Conscious Motivation

Exercises in Mindfulness

Conscious Motivation
Exercises in Mindfulness
The present moment, if you think about it, is the only time there is.
No matter what time it is, it is always now.
— Marianne Williamson

Many of us begin each new year with personal growth goals that we would like to achieve in the upcoming year. 

We create these goals with a desire to attain a higher state of well-beingboth health and happiness. 

Three-quarters of the way through the year, the majority of people have completely given up on those goals. 

Their failure resides in the inability to stay aware of their goals (short-term & long-term) on a daily basis. 

They are usually too distracted—either by regrets of the past or worries about the future—to focus on the present moment.

On the other hand, the most successful people have a knack for taking advantage of opportunities in the present moment.   

They stay singular focused on the pursuit of their goals and did not get distracted by things that are unimportant.  

For some, this focus comes naturally. For others, they must develop the ability to stay singularly focused on the task at hand.

Do not be discouraged if you fall into the latter category. 

The following mindfulness exercises will help you become more singular focused on achieving your goals.

Put Your Phone Down 

Mobile phones have become the greatest single inhibitor for people trying to stay focused in the present moment.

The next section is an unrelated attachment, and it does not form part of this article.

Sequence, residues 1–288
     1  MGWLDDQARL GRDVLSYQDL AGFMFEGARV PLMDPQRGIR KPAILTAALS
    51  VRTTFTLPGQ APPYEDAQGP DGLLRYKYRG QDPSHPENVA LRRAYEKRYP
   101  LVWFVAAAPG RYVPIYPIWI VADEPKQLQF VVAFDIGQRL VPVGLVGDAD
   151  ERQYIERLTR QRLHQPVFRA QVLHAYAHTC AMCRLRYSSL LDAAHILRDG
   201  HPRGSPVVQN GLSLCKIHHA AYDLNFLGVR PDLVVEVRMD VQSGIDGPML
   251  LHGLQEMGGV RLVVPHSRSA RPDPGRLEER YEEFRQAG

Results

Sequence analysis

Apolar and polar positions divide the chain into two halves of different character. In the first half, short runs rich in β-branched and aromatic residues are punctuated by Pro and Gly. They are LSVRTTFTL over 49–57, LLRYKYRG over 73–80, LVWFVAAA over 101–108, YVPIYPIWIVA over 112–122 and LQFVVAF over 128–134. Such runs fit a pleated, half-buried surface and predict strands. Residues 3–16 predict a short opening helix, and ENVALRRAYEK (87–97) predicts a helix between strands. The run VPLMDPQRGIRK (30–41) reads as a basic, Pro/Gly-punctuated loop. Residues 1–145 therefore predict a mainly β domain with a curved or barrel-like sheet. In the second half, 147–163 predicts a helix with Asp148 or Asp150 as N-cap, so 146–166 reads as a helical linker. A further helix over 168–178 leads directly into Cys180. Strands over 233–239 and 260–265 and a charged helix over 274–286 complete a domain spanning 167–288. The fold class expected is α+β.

Whether it is checking email, text messages, social media, or watching videos, our focus on the present moment is constantly diluted by what is taking place on our phone. 

When spending time with your family or friends, give them your undivided attention by putting your phone down (and on mute). Time moves so quickly that we often regret not being more present with others when we had the chance.  

So ask yourself, "is what I'm focusing on really more important than giving this person/these people my undivided attention?" 

The answer is usually “no.”  

So, put the phone down.

I promise you that none of the emails or texts are going anywhere.

Remember You Are Breathing 

It is easy to get so caught up in our daily responsibilities that the day seems to fly by as if it was a blur.  

If you want to be mindful of the present moment, all you must do is be conscious of the fact that you are breathing. 

To do this, practice taking a deep breath at least once or twice per hour. 

These deep breaths will allow you to re-center yourself in the present moment, and focus on what is the most important next move.  

Smile & Appreciate The Moment

There is beauty all around us, but we fail to see it when our focus is on the excessive thoughts of our mind.

For those of you that find yourself in this situation often, I recommend a poem by Thich Nhat Hanh: 

Breathing in, I calm my body.
Breathing out, I smile.
Dwelling in the present moment
I know this is a wonderful moment.

I used this poem to find the present moment during the most stressful times of my consulting career. And, the results were amazing.  

And like magic, after repeating the poem in my head, I would always return to the present moment and notice something wonderful around me to appreciate. 

Begin Practicing Today

It will progressively become easier for us to come back to the present moment by practicing these mindfulness exercises. 

At this moment, anything is achievable if you can stay singularly focused on what small steps are available to pursue your goals.